Here are just a few examples of how stressful life events can impact pilot personality characteristics and cause accidents:

• An airline pilot was suffering from stress at work and marital problems. This apparently increased his risk-taking behaviors, as he was last seen performing aerobatics – at progressively lower altitudes – until he struck the ground.

• A private pilot was having financial problems and argued with his wife on the day of departure. There were mechanical problems with his light twin that caused many delays. His wife and friends were impatiently waiting for him at another airport.

Witnesses said that by the time he took off he appeared angry, frustrated and rushed. One engine failed on initial climb. The pilot must have froze at the controls, for he took no corrective action prior to stall/spin.

• A student pilot was in love with his female flight instructor. She decided to dump him. Lovesick, he circled her house, planning to crash. He ultimately changed his mind and ditched the plane in a lake beside her house rather than landing on an adjacent golf course. He claimed he was experiencing engine roughness. The accident investigation incorrectly ascribed the cause of the crash to carburetor ice.

Manage Your Risk Profile
All this talk may have you wondering why anyone ever leaves the ground. But its important to realize that accident rates are based on group data, and each individual has a different risk profile.

For instance, if you fly a poorly maintained, high-performance experimental aircraft, your accident risk is higher than the rest of general aviation. If you only fly well-maintained, thoroughly preflighted, lightly loaded, certificated aircraft in good weather, your risk is lower. Being in a low-risk group does not protect you from poor decision making, however, because a low-risk pilot can increase his or her risk by making bad decisions due to hazardous personality characteristics.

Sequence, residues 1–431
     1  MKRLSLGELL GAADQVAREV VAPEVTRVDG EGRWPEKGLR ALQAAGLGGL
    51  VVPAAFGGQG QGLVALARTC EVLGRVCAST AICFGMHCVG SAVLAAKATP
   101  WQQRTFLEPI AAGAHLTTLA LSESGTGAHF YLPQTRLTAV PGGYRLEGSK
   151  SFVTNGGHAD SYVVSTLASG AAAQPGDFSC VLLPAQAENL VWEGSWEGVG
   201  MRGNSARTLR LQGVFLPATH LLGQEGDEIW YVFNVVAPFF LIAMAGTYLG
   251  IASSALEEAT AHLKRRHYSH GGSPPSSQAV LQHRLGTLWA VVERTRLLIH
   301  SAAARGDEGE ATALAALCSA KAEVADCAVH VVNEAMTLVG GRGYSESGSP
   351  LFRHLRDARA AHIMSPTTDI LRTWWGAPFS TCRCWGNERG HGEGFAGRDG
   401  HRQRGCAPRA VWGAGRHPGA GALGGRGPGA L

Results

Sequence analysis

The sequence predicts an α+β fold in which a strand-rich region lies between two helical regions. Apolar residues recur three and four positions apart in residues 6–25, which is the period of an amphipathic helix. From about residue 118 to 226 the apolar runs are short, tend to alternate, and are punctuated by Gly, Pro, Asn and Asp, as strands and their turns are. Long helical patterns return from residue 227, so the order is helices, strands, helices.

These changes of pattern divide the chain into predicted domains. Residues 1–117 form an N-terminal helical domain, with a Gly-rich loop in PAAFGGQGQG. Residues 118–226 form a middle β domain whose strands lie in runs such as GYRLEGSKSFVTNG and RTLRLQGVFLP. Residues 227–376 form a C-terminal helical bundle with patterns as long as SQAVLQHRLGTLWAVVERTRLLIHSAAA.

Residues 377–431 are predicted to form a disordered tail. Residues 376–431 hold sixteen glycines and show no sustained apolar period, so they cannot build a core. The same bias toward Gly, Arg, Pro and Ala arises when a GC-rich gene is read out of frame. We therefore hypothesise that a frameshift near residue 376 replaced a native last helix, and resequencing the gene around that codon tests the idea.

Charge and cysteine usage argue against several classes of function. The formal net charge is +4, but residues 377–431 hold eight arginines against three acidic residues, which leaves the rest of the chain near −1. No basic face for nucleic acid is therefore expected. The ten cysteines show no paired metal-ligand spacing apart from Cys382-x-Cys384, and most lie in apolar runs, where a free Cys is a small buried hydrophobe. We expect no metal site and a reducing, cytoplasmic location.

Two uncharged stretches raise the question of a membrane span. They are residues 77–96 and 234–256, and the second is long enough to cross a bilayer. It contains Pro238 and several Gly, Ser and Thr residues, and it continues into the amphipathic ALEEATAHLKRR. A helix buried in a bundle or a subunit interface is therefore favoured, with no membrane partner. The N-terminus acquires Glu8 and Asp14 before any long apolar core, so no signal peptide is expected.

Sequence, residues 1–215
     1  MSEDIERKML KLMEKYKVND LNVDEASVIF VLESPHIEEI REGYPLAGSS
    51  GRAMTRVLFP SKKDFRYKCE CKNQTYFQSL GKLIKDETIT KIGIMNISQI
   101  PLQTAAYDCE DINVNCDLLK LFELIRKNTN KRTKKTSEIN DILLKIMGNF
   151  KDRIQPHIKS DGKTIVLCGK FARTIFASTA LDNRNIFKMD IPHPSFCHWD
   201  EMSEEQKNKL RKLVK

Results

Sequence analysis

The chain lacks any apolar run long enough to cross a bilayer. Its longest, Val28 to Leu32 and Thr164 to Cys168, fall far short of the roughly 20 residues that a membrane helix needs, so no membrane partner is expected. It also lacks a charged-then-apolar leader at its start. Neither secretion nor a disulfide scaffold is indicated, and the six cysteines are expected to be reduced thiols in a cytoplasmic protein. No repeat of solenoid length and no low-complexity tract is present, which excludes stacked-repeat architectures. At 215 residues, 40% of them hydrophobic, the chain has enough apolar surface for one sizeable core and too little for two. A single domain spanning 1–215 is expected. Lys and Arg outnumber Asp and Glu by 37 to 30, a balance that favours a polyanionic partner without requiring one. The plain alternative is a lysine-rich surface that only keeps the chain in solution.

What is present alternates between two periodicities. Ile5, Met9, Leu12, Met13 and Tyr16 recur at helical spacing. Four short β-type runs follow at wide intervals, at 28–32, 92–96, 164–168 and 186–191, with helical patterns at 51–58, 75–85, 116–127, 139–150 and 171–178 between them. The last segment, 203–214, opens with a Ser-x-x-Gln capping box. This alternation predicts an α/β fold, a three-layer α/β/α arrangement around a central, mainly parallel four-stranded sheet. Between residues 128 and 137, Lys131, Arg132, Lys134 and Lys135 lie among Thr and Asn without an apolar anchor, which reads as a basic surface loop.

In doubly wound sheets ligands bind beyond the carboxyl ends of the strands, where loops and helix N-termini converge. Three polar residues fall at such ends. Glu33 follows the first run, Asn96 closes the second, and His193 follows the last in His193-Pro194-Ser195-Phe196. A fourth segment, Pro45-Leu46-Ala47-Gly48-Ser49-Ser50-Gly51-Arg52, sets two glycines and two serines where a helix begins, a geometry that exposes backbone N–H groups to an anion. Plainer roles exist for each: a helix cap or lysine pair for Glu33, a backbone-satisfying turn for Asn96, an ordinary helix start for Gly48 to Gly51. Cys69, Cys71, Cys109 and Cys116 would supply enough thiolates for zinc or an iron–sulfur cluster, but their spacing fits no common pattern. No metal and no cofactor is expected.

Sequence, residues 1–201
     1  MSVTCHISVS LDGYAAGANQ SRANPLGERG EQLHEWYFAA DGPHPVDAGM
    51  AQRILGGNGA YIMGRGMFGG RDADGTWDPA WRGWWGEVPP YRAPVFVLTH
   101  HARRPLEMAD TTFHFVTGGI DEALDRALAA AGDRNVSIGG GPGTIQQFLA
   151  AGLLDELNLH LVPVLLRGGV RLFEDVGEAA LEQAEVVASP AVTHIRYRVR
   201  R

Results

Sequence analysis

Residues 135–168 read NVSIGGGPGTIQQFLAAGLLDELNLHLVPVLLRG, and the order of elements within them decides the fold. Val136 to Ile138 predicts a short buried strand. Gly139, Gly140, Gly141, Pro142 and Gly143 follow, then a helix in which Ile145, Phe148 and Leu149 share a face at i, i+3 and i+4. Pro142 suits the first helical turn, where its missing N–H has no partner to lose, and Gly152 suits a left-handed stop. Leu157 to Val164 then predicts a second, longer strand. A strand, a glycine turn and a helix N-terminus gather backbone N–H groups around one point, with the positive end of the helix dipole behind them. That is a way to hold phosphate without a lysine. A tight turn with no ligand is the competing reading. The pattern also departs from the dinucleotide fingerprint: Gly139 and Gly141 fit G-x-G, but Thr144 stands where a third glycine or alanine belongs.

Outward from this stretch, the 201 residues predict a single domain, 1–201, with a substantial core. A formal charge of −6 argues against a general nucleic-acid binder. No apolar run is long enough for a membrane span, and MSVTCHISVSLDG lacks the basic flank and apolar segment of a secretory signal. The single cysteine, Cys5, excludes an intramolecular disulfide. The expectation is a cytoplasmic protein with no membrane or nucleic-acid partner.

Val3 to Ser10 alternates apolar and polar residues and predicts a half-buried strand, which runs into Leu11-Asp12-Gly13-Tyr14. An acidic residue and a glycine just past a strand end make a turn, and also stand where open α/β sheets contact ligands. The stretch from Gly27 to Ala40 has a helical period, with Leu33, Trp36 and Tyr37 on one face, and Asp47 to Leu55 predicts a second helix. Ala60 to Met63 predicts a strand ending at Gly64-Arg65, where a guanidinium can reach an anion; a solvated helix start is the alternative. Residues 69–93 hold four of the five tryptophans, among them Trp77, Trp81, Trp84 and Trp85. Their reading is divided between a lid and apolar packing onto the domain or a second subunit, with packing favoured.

You can monitor and control your unsafe personality characteristics through awareness and preparation. Before every flight, ask yourself, What am I thinking now that increases or decreases my safety? Perform a self-check of hazardous attitudes before flight by asking, Am I feeling like nothing bad can happen to me? Am I taking too many risks? Am I cutting corners? Am I upset over recent stressful events? Am I better than other pilots?

In this way, you can recognize those times when youre feeling invulnerable or prone to taking risk and cutting corners. That will help you reduce your chance of making a poor decision and becoming part of the accident record.

Your physical, mental and emotional fitness determines your ability to make sound decisions. Having the right thoughts before, during and after a flight is just as important as having fuel and oil.

No one is immune to accidents; by definition they are not completely predictable. You can fool yourself into believing that accidents only happen to those less skilled or less conscientious, but it only takes a small lapse in judgment for a pleasant flight to turn into disaster.

The old saw is that flying is hours of boredom punctuated by moments of shear terror. But you dont have to be bored or terrified. Look for emergency landing areas and traffic, go through emergency procedures, check the weather ahead, spin your E6-B flight confuser or enjoy the view. Keep yourself busy and recognize that today may be the day your engine fails, your fuel is contaminated or the alternator fails.

If something does happen, it wont be terrifying because you are prepared. Everyone has a chance of an accident, but with constant training and self-vigilance you can avoid pilot-error blunders and manage emergencies with confidence.

Also With This Article
Click here to view “The Brain Game.”

-by Miles Diller

Miles Diller is a clinical psychologist, an active general aviation pilot and owner of a Cherokee 180.